Impacted by Ida, students manage personal concerns

A kitchen flooded, with furniture resting on countertops and chairs sitting in deep water.
Flooding in Queens, New York due to Hurricane Ida caused damage to Joyce Jiang’s cousin’s basement. (Photo courtesy of Joyce Jiang)

Growing up in Gentilly, New Orleans, Makayla Howard is used to staying home with her family during hurricanes, waiting out the storm with her four siblings, three cats and two dogs and stepping outside occasionally to watch the storm pass through her neighborhood. 

Howard’s dad is also a police officer, so, while other families evacuate, her family usually stays home with her pets as her dad patrols the streets. 

But when weather services predicted a category four hurricane — Hurricane Ida —  on the 16th anniversary of Hurricane Katrina, this time everyone in Howard’s family aside from her father evacuated, driving 12 hours to Atlanta to stay with her grandparents. 

Instead of taking a nearly four-hour flight back to New Orleans, Howard, a resident assistant and junior majoring in fine arts, scrolled through Twitter and called her mom from Los Angeles, asking for updates as Ida moved toward her hometown. Her dad, patrolling the streets of New Orleans and serving on the “frontlines,” sent her photos of families he was helping evacuate and reunite, Howard said. 

Colleen Daly, a junior majoring in theatre from near Metairie, New Orleans, said her family evacuated to Alabama then Florida, staying away from home for about two weeks. Throughout their evacuation, Daly’s parents kept her updated on their evacuation and tried to provide updates on the status of her house.

Although Daly’s family did not find flood damage after they returned home Friday — since they safeguarded their home after it flooded during Katrina —  their roof and windows were damaged from the wind and fallen trees. 

While many students faced challenges adjusting to the beginning of the semester — balancing school, work and other responsibilities — Howard and Daly dealt with the added stress of worrying about the safety of their families back home.

“It’s been really stressful for everyone,” Howard said. “Since I’m here, it’s been very weird to watch it [happen] but not being able to be there to support in the way that I’m used to doing.”

Scott Weinstein, a freshman majoring in theater whose family lives in a New York City suburb, also said he wished he could have been home to help out his family. While Weinstein’s house was not damaged, his grandmother’s house was flooded, ruining her basement floors, carpets and stove. 

Since New York declared a state of emergency and many streets were flooded, Weinstein’s grandmother could not leave her home and found difficulty obtaining help as her basement flooded.

“I wish I could have been there to help her out, like to drive over there … help her pack stuff up and be there for her because my grandpa isn’t able to help her out,” Weinstein said.

As Ida moved up the east coast, Joyce Jiang, a freshman majoring in health and human sciences from Danville, N.J., just started her first weeks of classes, spending a lot of time in the library and paying little attention to the weather back home.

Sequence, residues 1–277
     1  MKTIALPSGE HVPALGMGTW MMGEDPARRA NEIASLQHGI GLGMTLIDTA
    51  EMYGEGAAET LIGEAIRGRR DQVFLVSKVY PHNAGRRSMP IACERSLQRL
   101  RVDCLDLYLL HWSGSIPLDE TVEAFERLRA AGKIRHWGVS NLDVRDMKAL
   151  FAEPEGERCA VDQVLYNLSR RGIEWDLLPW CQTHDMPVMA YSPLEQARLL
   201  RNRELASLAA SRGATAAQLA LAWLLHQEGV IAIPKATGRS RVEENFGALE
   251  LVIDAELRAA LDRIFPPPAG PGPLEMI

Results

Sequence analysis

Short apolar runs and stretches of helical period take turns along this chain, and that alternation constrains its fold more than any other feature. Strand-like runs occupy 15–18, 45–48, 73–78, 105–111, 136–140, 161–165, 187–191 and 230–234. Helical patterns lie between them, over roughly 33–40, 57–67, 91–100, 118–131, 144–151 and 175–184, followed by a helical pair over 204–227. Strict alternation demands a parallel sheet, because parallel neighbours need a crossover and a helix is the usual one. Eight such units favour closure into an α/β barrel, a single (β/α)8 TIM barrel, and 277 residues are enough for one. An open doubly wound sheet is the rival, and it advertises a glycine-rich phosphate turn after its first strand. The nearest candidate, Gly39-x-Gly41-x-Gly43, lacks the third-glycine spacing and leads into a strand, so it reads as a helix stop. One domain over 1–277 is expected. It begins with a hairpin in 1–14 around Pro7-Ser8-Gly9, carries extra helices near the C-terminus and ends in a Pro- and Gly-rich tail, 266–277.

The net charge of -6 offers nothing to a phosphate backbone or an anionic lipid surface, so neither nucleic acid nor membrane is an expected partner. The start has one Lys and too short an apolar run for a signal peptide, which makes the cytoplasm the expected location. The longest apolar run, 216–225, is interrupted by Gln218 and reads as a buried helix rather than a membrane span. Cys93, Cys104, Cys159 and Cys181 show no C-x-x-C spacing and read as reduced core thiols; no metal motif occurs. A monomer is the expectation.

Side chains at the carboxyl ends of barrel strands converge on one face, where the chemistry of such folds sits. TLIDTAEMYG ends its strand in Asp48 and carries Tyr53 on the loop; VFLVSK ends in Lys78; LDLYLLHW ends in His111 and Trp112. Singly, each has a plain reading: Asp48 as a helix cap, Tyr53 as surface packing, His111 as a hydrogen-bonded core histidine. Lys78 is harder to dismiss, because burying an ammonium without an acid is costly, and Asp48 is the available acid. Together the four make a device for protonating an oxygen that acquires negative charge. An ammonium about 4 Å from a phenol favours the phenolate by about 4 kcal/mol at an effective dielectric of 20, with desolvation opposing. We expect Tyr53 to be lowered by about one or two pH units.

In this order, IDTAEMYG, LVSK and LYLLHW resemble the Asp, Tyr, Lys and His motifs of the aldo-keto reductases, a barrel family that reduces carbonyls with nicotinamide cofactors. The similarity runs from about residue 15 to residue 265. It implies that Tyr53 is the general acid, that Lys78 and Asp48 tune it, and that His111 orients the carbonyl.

But, after realizing Ida’s severity, Jiang checked in on her parents. In previous hurricanes, Jiang’s house has flooded, with water levels nearly reaching the second floor. This time, her house avoided serious damage, but her neighbors by the riverfront and cousins in Queens, N.Y. dealt with flooding.

“There was water coming out of every single sewer, like the toilets, the bathtubs, the sinks, and they just had to move like the couches onto the counters and everything like that and it took a while for the water to drain,” Jiang said.

Left without power in their home for about two weeks, Howard’s family stayed in Atlanta for the entirety of that period while her dad worked in New Orleans. Aside from the loss of power, there was no damage to her home.

While her street often floods after “long rains,” her house, which was rebuilt after Katrina, has not flooded in 10 years of her living there, Howard said. 

Her cousins, however, came home from evacuating their home to see that a tree had fallen on her roof, caving in the ceiling of a bedroom. Howard’s friends also dealt with damage to their homes and await Federal Emergency Management Agency assistance. 

Howard’s younger siblings, one who is in high school and the other two who are in middle school, had just returned to in-person classes when Ida hit. Now,  they don’t know when they will return to the classroom again. 

On Sept. 2, USC Campus Support & Intervention emailed students who may have been affected by Hurricane Ida and suggested students reach out to USC Counseling and Mental Health. In a statement to the Daily Trojan, Campus Support and Intervention said it offers services such as counseling, time off from courses and other troubleshooting to students who might have been affected by natural disasters.

While Howard said the resources offered in the email did not seem particularly helpful, she said her mom plans to contact USC about Howard receiving an extension for her financial aid because of the hurricane.

After dealing with the beginning of classes and worrying about her family, Howard said  she is relieved her family is OK and that her home did not receive more damage.

“I also have a lot of things on my plate right now, but that added part of it was very stressful when it was happening,” Howard said. “So, I’m very glad it all worked out because I don’t even know what would happen if anything serious had gone down to our house, so we’re just very lucky that our house is OK.”